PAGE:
Patients more comfortable with doctors who use EHRs

May 26, 2011

Good news if you use an electronic health record (EHR) system?and a tip on how best to use it, courtesy of the Sage Healthcare Insights survey: Patients feel more comfortable with physicians who use an EHR system, and they believe that the information contained in the medical record is more accurate when they physically see the information being entered electronically.

 

Good news if you use an electronic health record (EHR) system-and a tip on how best to use it, courtesy of the Sage Healthcare Insights survey: Patients feel more comfortable with physicians who use an EHR system, and they believe that the information contained in the medical record is more accurate when they physically see the information being entered electronically.

The Sage Healthcare Division of software firm Sage North America conducted the survey among patients and physicians to determine attitudes regarding EHR adoption. “What we learned is patients like to see their verbatim information entered into the record as they said it, not as the doctor interpreted it,” says Betty Otter-Nickerson, president of the Sage Healthcare Division.

Other findings:

  • About 42% physicians use an EHR system to document patient care, and about one-third use an EHR during patient encounters.

  • 62% of physicians and 81% of patients have positive perceptions of documenting patient care electronically.

  • 45% of patients had a “very positive” perception of their physicians or clinicians documenting patient care with a computer or other electronic device.

  • More than 60% of physicians believe that the best benefit to using EHR is the access they have to patient records in real time.

  • Physicians also believe that the ability to seamlessly share information with other doctors, pharmacies, and payers are among the most important benefits.

  • The majority of survey respondents agreed with the statement that EHR systems will help improve the quality of healthcare (78% of patients, 62% of physicians).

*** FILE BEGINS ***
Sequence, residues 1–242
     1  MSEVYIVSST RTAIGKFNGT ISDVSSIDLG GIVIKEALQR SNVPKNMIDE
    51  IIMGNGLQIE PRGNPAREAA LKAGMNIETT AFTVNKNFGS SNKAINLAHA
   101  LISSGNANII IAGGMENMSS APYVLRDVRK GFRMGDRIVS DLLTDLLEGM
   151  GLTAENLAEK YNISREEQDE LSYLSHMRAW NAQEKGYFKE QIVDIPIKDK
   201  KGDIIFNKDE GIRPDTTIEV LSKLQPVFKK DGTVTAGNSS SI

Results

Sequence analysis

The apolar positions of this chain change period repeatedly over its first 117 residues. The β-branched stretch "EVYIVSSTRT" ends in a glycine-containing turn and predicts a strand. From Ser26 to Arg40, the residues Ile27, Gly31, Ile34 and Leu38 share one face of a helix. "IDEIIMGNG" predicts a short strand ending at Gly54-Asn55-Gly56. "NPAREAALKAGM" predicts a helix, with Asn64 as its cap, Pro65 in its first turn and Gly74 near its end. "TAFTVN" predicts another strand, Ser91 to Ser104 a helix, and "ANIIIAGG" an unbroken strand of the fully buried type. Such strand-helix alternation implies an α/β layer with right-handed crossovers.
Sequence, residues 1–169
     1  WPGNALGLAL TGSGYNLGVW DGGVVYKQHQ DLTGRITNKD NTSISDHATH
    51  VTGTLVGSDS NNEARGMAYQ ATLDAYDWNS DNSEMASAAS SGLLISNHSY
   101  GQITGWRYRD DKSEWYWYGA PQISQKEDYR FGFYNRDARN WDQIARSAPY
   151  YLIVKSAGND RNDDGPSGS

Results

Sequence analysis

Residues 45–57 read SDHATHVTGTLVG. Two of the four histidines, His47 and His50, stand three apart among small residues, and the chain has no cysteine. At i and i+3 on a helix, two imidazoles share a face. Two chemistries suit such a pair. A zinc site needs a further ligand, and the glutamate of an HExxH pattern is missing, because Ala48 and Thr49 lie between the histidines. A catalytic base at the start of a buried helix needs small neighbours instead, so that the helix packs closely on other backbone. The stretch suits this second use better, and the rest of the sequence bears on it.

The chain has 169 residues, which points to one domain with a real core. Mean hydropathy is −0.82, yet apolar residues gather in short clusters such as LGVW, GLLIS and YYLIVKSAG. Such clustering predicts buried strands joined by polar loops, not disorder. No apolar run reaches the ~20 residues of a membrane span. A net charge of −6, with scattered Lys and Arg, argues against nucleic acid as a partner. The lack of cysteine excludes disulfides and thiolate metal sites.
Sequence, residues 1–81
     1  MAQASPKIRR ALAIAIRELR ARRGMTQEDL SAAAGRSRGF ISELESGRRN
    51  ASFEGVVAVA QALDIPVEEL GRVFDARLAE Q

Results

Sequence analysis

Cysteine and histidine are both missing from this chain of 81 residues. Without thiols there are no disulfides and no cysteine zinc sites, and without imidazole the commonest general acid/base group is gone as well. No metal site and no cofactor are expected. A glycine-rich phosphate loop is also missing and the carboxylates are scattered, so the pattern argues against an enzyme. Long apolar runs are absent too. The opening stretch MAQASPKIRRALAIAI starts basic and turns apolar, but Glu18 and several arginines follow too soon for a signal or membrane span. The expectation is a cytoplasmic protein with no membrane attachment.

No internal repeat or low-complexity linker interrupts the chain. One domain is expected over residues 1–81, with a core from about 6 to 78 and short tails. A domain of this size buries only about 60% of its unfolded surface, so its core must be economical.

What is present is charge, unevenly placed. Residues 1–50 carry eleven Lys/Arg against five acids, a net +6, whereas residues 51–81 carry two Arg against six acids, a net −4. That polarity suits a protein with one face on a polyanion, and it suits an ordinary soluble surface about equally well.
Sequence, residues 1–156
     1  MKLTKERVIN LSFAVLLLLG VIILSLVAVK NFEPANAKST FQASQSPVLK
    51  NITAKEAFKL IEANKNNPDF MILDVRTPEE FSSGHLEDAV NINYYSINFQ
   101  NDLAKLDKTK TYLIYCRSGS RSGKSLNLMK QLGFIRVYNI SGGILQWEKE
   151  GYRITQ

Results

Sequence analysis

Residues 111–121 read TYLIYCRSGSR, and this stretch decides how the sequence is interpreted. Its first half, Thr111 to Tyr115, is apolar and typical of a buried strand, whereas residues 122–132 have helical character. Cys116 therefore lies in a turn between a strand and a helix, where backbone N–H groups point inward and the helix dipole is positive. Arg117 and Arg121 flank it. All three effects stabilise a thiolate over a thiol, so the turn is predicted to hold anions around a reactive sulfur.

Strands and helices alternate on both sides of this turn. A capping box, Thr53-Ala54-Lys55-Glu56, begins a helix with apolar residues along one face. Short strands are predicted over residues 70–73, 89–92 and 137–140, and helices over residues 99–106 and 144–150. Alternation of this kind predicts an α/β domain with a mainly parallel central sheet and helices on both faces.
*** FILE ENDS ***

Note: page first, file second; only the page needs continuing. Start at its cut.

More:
• Although both physicians and patients believe that EHRs will help improve the quality of healthcare, both groups have concerns about privacy and the security of EHRs (81% of patients, 62% of physicians).

  • Given their use of and exposure to the security measures used to keep electronic medical records secure, physicians using EHRs have fewer concerns about the security of records.

  • 47% of patients recall seeing their physicians or their nurse/assistants taking notes in a computer or other electronic device, whereas only 39% of patients recall seeing their physicians or their nurse/assistants taking notes directly into computers during treatment.

  • Physicians and patients agreed on the benefits of using electronic devices to document patient care during an encounter.

  • The most important benefits of EHR systems agreed on by the two groups: 1) Provides real-time doctor access to patient medical records and histories; 2) When appropriate, helps physicians securely and seamlessly share information with other doctors, pharmacies, and payers; 3) Helps doctors make good decisions about patient care, ultimately driving the quality of patient care.

Overall, most physicians and patients agreed that medical records stored electronically will help improve patient care. Also, physicians and other clinicians who participated in the study said that EHRs are tool to help them perform their work more efficiently.

According to the survey, patients, on the other hand, increasingly expect their doctors to offer them access to EHRs and patient e-tools, and as a result, are encouraging their physicians to adopt more connected technologies, Otter-Nickerson says.

“Patients who participated in the survey said they had greater confidence in providers who use electronic records,” she says. “This suggests that there’s an opportunity for doctors to learn directly from their patients how to improve their practices and their patient relationships.”

The Sage Healthcare Insights study was conducted online in December 2010. The survey was sent to 7,738 physicians or other clinical users of a Sage product or service. The patient survey was sent to 18,000 healthcare consumers. Statistically, the sample size is large enough that the findings are applicable to the population.